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In cooking what exactly does it mean to deconstruct something?

Haven't seen this covered much in dictionaries, etc.

edit: as per @Frank's request

this is everywhere in cooking recently:

deconstructed shortcake

deconstructed tiramisu

deconstructed sauce

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Can you provide a sentence or quote showing the usage of the word? That would probably help. –  Frank Jul 6 at 9:41
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@Frank edited - sorry it's not super specific but it's everywhere recently –  user3306356 Jul 6 at 9:51
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I think if you want to go beyond the dictionary definition of what's essentially a Lit Crit term, this is a "domain-specific" usage that should be addressed on the SE Seasoned Advice site devoted to cookery. –  FumbleFingers Jul 6 at 11:36
    
I agree with @FumbleFingers, please ask this question on cooking.stackexchange.com and add a link to the question on that site in this question. If you prefer not to I think I might ask there as I'd never heard of the term before you asked your question. –  Frank Jul 6 at 11:42
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This question appears to be off-topic because it is about "domain-specific" terminology that should be asked on Seasoned Advice –  FumbleFingers Jul 6 at 12:51
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2 Answers 2

To deconstruct a dish is something of a current fad here in the UK; I put it down to the influence of the popular BBC amateur chef program 'Masterchef'. A deconstructed tiramisu will comprise a quenelle of mascarpone, a sponge finger, a sprinkling of sugar, some grated dark bitter chocolate and, who the heck knows, a double espresso on the side. All of this will be artfully arranged on a large plate with lots of white space. You get all the ingredients of a tiramisu, but without putting the kitchen staff to the terrible effort of combining them into a tiramisu.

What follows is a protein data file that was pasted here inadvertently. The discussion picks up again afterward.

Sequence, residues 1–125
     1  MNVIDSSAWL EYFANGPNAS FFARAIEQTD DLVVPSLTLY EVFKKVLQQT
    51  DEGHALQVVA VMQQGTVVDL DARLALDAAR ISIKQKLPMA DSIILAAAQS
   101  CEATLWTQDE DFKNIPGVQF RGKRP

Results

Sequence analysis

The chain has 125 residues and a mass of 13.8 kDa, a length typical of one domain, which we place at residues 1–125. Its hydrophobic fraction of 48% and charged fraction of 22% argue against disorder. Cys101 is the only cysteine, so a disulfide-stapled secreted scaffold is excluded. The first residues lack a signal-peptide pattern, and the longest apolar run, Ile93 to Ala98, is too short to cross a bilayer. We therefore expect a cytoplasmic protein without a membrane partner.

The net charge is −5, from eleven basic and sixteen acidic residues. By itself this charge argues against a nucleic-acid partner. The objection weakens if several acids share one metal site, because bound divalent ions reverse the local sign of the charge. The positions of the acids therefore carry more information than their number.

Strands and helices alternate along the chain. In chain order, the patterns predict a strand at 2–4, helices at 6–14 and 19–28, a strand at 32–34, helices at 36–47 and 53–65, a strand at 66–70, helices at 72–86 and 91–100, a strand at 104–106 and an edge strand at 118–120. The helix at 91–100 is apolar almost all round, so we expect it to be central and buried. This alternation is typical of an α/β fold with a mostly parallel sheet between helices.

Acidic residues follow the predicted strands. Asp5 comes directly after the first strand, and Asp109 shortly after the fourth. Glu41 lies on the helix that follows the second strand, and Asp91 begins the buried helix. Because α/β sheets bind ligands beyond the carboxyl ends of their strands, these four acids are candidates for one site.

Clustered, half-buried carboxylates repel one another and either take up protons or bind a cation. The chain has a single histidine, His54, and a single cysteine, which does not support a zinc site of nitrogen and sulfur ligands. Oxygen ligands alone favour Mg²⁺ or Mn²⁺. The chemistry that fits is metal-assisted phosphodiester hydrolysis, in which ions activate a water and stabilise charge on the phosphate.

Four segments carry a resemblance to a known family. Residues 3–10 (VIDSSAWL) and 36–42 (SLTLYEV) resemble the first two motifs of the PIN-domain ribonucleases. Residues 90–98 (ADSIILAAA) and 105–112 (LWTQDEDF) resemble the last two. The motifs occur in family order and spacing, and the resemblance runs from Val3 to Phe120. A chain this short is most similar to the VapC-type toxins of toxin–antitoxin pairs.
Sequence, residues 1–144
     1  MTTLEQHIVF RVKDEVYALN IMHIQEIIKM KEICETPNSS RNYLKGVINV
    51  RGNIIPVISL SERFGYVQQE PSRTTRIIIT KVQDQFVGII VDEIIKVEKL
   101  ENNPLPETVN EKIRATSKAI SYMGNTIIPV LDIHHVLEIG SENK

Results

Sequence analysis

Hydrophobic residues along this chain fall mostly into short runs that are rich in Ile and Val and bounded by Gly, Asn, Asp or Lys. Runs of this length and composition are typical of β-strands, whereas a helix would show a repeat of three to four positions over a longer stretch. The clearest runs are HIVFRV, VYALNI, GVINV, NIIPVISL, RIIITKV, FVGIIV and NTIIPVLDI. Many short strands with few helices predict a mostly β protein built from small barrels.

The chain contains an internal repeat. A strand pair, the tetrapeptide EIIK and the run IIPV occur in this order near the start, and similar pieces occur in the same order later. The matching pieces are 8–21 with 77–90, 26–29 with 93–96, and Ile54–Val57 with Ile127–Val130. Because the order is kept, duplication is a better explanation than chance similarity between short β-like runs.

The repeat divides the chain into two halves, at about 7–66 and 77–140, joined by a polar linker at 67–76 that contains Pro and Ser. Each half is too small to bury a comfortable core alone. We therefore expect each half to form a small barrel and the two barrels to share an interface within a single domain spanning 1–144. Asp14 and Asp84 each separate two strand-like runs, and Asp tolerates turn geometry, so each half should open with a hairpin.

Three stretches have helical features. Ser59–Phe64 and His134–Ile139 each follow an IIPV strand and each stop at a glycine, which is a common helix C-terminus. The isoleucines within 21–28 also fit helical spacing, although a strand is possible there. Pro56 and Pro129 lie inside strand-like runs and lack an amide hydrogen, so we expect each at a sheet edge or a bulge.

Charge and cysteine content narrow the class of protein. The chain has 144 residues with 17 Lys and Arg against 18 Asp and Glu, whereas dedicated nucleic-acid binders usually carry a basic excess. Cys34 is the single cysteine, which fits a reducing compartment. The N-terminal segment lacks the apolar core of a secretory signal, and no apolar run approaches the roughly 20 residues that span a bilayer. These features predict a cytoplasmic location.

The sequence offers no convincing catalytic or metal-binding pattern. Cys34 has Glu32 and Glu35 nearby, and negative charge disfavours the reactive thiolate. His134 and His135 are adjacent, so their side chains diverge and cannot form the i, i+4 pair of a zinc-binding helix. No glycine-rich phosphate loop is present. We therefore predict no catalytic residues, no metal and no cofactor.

So, that's what deconstruction of a dish is all about.

You are entitled to conclude that I am not a fan of deconstructed dishes ...

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Do you mean that the restaurant will provide you with the basic ingredients of a dish and you (the customer) have to put them together on your own? –  Frank Jul 6 at 10:07
    
That's right. In the case of a tiramisu, to continue with the example, they give you a spoon, possibly also a fork, you put the ingredients into your mouth, in whatever order and combination you desire, and masticate. But now we're wandering well off topic for this site. Surely there's a Stack Exchange for people who eat. Well, I mean, for people who take a serious interest in food and cooking. –  High Performance Mark Jul 6 at 11:21
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This answer is a bit of an oversimplification. Have a look at this answer in "Seasoned Advice" (the SE cookery site). It's more a matter of the essential elements of a dish being identified (non-essentials usually being discarded), then those essentials presented in whatever way is simplest to ensure they all contribute whatever they're supposed to to the final dish as served (that's not exactly "Here are the raw ingredients, make it yourself")." –  FumbleFingers Jul 6 at 11:29
    
I suppose I can see that that might catch on, you could leave out something you didn't like. I particularly dislike orange peel in desserts that I would otherwise enjoy. –  Frank Jul 6 at 11:29
    
@FumbleFingers A quick look around the internet seems to suggest that there are two meanings to this, the first is as the answer suggests basic components of the dish served separately on one plate and another is decomposition of a dish or sauce to identify the ingredients and figure out which one (or blend) causes the dish to have it's characteristic flavour. –  Frank Jul 6 at 11:39
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Deconstruction in cooking is a method for taking traditional dishes and reconfiguring them to create new interpretations for modern times. This method was popularized by some of the worlds most famous chefs, most notably Thomas Keller of The French Laundry.

The interpretations can come in many forms.

http://mindofachef.tumblr.com/post/44158113422/behind-the-scenes-spain-david-chang-makes-fideos

If you look at the last picture in this series you will see strawberry shortcake deconstructed. Fresh strawberries, mint cream, and cake that was made with a CO2 can and a microwave. This is a great example of deconstruction in cooking.

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